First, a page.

DAYTON, Ohio (WDTN) — A meeting was held at the West Branch of the Dayton Metro library to highlight the features of ‘Fusus’ technology to the public. 

The community had an opportunity to learn in depth from the Dayton Police department about this new technology. And while some members are excited and hopeful, others have their apprehension.

This is the Dayton Police Department’s 7th meeting for the public to inform them about the new camera surveillance linking software. Police say they hope this software will create a safer community through greater efficiency.

“It may take 5 or 6 days to get video from an incident, where this will be available to us in just minutes or hours. And in the real time, in the real time cameras, for us to see and respond to if there is something happening in progress,” Major Jimmy Mullins, the DPD Commander of community services told us.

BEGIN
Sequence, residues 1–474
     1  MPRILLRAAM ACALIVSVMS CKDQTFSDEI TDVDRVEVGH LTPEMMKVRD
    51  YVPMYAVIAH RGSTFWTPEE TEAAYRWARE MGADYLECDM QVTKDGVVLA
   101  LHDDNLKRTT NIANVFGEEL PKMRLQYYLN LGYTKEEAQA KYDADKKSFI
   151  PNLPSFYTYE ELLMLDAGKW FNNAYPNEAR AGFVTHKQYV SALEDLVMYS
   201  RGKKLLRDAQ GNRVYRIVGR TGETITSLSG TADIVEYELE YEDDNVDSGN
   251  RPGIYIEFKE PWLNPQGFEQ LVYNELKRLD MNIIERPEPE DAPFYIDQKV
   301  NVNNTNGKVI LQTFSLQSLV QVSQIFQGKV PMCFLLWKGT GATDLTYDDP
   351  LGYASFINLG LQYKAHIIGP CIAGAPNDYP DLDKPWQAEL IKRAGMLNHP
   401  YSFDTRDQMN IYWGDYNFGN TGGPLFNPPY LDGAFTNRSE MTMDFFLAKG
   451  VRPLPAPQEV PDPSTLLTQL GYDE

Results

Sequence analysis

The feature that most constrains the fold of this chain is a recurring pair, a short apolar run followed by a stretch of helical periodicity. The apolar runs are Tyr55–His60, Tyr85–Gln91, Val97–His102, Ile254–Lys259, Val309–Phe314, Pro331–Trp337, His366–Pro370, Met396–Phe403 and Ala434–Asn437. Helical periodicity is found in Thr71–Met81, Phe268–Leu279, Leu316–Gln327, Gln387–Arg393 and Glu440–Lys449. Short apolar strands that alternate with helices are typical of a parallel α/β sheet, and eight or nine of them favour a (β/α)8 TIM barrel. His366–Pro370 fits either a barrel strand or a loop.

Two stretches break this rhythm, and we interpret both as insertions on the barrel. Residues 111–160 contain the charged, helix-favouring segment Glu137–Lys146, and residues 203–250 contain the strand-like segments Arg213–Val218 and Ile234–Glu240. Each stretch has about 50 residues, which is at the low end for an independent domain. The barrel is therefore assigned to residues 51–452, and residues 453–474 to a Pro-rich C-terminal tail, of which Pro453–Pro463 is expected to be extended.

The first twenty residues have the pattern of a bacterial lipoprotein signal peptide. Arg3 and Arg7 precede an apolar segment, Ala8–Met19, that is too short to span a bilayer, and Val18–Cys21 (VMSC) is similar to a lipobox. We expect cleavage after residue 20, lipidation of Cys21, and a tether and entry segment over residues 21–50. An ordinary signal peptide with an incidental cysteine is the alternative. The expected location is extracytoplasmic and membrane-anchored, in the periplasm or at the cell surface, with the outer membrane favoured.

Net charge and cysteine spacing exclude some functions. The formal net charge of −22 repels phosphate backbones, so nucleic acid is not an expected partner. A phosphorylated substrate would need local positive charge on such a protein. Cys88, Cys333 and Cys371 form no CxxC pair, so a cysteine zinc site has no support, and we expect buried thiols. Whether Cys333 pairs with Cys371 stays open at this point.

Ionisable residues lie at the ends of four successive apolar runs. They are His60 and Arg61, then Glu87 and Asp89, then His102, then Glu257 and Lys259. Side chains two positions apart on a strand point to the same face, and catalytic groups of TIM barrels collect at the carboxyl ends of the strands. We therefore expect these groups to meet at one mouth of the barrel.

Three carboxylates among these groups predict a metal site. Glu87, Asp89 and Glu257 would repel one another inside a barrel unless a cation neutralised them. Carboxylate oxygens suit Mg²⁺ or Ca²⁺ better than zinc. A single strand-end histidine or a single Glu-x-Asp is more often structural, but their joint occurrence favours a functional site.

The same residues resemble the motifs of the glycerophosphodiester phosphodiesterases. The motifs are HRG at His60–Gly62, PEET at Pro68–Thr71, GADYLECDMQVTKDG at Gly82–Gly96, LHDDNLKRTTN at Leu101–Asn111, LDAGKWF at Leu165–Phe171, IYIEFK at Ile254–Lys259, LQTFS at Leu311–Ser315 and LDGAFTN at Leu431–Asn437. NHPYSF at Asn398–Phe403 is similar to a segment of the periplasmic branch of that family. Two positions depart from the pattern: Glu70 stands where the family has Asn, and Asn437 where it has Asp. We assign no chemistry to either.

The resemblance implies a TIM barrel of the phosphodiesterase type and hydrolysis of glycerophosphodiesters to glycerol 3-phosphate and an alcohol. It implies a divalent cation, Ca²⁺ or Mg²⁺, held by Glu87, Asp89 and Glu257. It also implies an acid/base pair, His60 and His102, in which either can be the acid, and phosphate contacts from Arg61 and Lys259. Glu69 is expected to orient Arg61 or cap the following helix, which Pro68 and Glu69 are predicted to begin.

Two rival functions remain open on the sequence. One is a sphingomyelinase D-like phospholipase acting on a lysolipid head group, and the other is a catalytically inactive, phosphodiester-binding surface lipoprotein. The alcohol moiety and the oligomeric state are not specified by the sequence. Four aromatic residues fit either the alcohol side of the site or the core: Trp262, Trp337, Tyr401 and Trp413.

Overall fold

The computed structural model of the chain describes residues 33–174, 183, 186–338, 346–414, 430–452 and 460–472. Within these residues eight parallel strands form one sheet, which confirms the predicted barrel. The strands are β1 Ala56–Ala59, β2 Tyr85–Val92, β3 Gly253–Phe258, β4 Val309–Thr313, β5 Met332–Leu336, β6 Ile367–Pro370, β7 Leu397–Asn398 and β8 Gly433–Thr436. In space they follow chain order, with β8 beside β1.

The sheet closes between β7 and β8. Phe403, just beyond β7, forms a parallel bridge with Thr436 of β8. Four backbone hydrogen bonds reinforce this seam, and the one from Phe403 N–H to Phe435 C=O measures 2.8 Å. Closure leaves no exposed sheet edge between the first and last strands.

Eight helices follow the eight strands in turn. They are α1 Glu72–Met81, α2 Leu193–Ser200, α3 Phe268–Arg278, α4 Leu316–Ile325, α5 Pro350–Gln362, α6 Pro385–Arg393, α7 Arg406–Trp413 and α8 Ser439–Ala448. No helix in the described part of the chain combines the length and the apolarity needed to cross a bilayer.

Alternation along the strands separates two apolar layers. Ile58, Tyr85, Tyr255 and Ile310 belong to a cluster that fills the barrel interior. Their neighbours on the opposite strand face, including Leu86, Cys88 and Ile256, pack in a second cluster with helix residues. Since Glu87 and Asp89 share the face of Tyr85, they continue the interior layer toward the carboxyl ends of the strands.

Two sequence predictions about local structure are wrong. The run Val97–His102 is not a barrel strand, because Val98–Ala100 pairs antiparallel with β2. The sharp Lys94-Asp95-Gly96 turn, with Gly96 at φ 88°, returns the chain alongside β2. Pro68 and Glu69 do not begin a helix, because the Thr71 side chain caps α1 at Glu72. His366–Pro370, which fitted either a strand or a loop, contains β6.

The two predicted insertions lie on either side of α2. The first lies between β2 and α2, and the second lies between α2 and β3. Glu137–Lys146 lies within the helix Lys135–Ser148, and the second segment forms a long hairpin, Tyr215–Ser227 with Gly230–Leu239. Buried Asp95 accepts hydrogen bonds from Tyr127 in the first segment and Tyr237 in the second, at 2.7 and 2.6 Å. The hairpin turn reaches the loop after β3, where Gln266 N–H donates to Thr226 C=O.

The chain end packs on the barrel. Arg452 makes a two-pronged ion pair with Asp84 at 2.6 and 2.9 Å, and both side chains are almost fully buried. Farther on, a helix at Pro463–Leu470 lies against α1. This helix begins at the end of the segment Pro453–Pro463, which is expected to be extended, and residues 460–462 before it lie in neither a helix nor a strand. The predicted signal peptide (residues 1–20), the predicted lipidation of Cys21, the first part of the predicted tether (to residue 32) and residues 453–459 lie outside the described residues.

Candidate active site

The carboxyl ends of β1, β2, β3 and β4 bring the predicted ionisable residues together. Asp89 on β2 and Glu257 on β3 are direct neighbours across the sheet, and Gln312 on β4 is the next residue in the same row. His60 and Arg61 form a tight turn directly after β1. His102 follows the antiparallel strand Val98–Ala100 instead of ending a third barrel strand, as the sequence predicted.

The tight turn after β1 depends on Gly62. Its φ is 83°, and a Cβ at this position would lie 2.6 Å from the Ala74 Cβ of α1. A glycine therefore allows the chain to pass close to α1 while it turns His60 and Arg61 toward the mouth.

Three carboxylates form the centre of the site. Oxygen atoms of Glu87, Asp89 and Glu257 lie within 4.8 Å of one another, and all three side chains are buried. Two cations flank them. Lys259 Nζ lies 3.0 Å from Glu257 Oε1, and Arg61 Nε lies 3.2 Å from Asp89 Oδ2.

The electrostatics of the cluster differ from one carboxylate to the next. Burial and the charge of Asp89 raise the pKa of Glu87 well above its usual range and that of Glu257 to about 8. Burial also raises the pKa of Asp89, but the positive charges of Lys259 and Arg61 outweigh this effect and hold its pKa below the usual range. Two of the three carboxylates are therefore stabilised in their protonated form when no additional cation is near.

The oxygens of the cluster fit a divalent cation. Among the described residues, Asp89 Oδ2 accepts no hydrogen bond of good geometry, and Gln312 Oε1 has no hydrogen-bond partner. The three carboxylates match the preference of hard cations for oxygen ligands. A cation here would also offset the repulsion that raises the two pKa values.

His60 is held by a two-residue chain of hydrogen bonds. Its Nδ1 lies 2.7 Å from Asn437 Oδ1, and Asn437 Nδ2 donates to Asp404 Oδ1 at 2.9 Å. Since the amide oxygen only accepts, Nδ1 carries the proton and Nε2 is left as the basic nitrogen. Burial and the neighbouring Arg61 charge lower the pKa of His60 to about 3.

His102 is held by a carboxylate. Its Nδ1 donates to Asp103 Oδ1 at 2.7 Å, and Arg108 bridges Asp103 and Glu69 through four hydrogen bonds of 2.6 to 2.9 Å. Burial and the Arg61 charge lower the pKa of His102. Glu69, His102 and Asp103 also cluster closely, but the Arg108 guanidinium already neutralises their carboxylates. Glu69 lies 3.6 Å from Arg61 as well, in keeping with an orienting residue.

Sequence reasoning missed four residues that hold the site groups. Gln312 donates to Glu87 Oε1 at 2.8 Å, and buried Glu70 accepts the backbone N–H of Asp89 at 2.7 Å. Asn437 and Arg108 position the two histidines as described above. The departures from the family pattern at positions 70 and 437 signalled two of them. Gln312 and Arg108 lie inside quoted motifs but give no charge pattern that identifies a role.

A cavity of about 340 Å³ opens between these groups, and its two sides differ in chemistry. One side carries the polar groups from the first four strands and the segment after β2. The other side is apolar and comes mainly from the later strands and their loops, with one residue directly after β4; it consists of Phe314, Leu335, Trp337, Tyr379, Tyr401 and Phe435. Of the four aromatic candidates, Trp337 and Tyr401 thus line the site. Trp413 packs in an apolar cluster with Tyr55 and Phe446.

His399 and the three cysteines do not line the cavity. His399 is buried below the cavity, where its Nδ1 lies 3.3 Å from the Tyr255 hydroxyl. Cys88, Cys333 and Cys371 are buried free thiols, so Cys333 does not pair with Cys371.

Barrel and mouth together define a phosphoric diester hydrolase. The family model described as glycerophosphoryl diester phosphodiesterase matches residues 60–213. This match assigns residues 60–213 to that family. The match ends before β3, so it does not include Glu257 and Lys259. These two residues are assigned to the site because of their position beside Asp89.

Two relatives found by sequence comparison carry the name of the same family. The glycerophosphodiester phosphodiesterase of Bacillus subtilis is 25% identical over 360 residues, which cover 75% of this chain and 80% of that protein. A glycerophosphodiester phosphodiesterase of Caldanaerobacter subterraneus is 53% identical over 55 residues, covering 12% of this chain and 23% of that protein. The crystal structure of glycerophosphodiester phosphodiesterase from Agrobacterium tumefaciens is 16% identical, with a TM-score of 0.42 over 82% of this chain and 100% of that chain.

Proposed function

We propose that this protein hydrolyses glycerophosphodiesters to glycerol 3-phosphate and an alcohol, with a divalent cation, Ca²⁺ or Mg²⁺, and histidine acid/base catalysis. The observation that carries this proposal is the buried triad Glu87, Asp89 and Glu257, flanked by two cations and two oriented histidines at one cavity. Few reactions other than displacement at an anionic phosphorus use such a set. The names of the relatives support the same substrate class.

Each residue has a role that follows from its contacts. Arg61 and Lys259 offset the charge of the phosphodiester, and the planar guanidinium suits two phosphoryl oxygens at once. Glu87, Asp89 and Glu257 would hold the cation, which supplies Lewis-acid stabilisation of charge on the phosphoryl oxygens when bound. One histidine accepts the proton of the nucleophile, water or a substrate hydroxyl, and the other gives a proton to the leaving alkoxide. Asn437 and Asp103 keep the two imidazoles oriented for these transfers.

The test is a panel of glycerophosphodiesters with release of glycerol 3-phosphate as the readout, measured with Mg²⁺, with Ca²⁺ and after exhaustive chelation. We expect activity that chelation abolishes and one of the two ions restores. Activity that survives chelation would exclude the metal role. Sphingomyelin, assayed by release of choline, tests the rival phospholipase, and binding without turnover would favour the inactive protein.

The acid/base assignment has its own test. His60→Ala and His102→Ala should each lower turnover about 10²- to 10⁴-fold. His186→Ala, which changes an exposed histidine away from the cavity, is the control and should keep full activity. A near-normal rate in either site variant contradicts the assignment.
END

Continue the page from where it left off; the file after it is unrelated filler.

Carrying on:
Fusus combines different surveillance cameras from businesses that voluntarily register and public places to directly to police officers, strictly on an incident basis only.

Some members of the community like Jeri Birnbaum say that it will be a great addition to the police department and she wants to see it work to fix some of the city’s issues..

“I think if we get on board, it would probably be better than not and it’s for everybody’s safety. And again, there’s a problem. And we need to work with our police force. I mean they’re the protectors.”

And other members of the community, like Julia Capers, a west Dayton resident say that while it looks good on paper, she’ll have to do her own research to ensure it is as good as it seems.

“There are some questions that I need to direct directly to the police department. and when they have the hearing at the city commissioners, i’ll be there. right now, I haven’t had a chance to  cruise through all of it but I will be prepared, But right now it looks good on paper, now will it transfer to the community, that’s the question.”

The next educational meeting about Fusus Is set for February 2nd at 6pm at Northwest Recreational Center. It is one of 5 more until their public hearing from city commissioners on February 15th .